11-17-2015, 02:52 PM - 1 Like   #4
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Loved the ME Super, my first Pentax camera though I paid a bit more
Great detail from TaoMass for you - enjoy it!

and Welcome!

11-17-2015, 03:13 PM - 1 Like   #5
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Welcome to the forum, even if it turns out not to work... for $3 it will make a nice desk paperweight.
11-17-2015, 10:32 PM   #6
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Original Poster
QuoteOriginally posted by TaoMaas Quote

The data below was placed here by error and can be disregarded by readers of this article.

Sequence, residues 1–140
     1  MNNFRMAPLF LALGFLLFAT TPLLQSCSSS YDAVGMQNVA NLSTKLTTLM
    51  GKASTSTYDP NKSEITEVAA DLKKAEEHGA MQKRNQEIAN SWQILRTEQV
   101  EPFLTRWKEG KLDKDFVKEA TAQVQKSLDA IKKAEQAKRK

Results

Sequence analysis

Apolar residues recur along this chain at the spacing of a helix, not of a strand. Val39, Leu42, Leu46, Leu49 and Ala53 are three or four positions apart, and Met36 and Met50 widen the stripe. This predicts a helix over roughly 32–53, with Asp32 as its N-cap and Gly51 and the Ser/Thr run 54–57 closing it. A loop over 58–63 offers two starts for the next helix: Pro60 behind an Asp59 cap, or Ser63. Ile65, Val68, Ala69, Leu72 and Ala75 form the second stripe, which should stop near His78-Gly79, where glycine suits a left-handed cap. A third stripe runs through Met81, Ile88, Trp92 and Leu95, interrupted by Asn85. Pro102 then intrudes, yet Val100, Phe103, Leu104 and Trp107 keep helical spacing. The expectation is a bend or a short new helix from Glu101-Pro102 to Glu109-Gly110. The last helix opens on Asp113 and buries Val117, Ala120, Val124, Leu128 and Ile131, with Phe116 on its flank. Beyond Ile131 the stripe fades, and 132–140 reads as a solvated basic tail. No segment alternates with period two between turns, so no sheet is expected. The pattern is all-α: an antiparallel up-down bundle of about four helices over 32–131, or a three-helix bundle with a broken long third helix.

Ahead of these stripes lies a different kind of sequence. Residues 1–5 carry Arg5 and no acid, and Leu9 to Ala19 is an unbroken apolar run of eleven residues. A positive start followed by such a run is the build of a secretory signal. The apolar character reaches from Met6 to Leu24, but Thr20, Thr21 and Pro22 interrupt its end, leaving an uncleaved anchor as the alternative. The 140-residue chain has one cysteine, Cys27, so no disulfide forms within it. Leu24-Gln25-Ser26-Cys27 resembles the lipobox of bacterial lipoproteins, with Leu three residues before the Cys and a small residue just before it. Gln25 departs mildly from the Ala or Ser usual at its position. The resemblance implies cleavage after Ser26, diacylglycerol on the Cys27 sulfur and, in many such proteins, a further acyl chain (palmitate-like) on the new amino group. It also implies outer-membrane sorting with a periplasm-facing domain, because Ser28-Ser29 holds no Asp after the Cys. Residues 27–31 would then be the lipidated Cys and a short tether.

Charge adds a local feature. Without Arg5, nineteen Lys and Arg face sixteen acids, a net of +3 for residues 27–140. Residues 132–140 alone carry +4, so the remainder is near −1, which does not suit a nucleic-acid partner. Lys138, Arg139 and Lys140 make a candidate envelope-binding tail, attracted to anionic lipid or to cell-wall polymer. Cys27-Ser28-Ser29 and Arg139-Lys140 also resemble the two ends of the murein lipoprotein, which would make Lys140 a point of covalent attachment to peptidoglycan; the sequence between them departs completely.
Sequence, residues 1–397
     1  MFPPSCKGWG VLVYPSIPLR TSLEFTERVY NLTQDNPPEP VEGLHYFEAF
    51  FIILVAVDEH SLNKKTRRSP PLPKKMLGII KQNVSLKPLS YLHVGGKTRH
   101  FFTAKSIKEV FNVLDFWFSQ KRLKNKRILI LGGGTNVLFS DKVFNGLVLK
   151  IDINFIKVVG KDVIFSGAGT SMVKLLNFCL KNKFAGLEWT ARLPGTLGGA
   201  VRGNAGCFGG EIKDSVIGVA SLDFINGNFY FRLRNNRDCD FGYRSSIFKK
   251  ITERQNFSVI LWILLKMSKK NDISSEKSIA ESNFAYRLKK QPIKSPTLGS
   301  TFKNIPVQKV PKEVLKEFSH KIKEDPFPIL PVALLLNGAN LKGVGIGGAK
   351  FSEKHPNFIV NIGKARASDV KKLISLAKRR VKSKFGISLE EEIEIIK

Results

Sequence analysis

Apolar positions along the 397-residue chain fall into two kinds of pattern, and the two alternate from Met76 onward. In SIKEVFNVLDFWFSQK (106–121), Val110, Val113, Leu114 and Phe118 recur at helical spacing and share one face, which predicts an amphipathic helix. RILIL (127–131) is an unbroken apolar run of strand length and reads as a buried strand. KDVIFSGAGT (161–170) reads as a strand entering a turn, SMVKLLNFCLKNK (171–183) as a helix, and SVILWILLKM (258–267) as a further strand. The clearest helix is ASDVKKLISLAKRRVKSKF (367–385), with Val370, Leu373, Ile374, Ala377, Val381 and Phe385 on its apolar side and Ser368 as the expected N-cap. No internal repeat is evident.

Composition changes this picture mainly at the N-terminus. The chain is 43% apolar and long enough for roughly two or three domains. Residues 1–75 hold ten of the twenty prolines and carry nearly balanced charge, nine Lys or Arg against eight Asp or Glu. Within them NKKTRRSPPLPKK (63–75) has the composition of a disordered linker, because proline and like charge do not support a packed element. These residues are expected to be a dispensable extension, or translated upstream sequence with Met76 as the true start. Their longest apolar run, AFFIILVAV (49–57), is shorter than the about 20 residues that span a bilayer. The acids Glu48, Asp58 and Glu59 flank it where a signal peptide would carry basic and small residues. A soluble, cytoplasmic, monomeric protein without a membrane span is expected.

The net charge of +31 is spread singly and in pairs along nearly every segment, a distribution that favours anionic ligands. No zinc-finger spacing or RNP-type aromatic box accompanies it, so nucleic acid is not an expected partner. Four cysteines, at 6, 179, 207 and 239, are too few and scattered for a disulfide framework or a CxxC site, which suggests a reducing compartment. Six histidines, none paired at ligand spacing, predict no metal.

Here's kinda what I do when I'm checking out an old SLR like the ME Super. You can get an idea of how much a film camera has been used by opening it up and looking at the pressure plate. To open the back, pull up on the rewind knob. When you're facing the back of the camera, it will be the knob on the left...or the one without any numbers on it. When you pull up on that, the hinged back of the camera ought to pop open. The pressure plate is on the inside back of the camera. It's designed to hold the film flat against the film rails. If a camera has been used heavily, there will be some light scratching on the pressure plate. That's not a reason to automaticallly rule out the camera, but it's good to know. If you haven't done so already, push the rewind knob back down and close the camera back up. Next, try to advance the shutter by cocking the film advance lever on the right side of the camera. If it doesn't want to advance, chances are that the shutter is already cocked, so push the shutter release button on top to see if the shutter will trip. If the shutter doesn't fire, check to make sure that the dial around the shutter release isn't set to "L". That stands for "Lock" and it's there to keep a person from accidentally tripping the shutter when they don't mean to. The ME Super has an electronic shutter, I believe, so even if the shutter doesn't trip, don't give up. It may simply need new batteries. I think there's one manual shutter speed on the ME Super so you can use that to test the shutter. On the dial surrounding the shutter release, there's a little white button. Push that down and rotate the dial to where it says, "125X"...then push the shutter release button again to see if the camera fires. If it does, I'd wind the camera and trip the shutter several more times just to make sure it's working. If the shutter fired without having to go to the 125X setting, chances are that it still has working batteries in it. Look through the eyepiece and lightly press down on the shutter release. That should turn on the light meter and you should see some numbers inside the viewfinder. Again pressing down on the little white button on the dial surrounding the shutter release, move the dial to the "M" setting. The two tiny black buttons next to the dial are how you change the shutter speed on an ME Super. Look through the viewfinder, watch the numbers inside, and push the little buttons to change the shutter speed. Wind and trip the shutter as you go through some of the speeds and listen to see if it sounds like it's getting faster or slower. That will tell you that the shutter is probably changing speeds like it should. If all that stuff checks out, about all that's left is to turn the camera over and take the top off the battery compartment to make sure the batteries haven't purged. If they have, then there's a good chance that the camera will give you trouble in the future, if it wasn't already doing so. A battery purge is usually a death-blow to a camera. If you have a lens to use to test the camera, you can also check to see if it's stopping down properly, but most times if this other stuff checks out, the lens linkage is probably working, too. Good luck! $3 for an ME Super is a great price.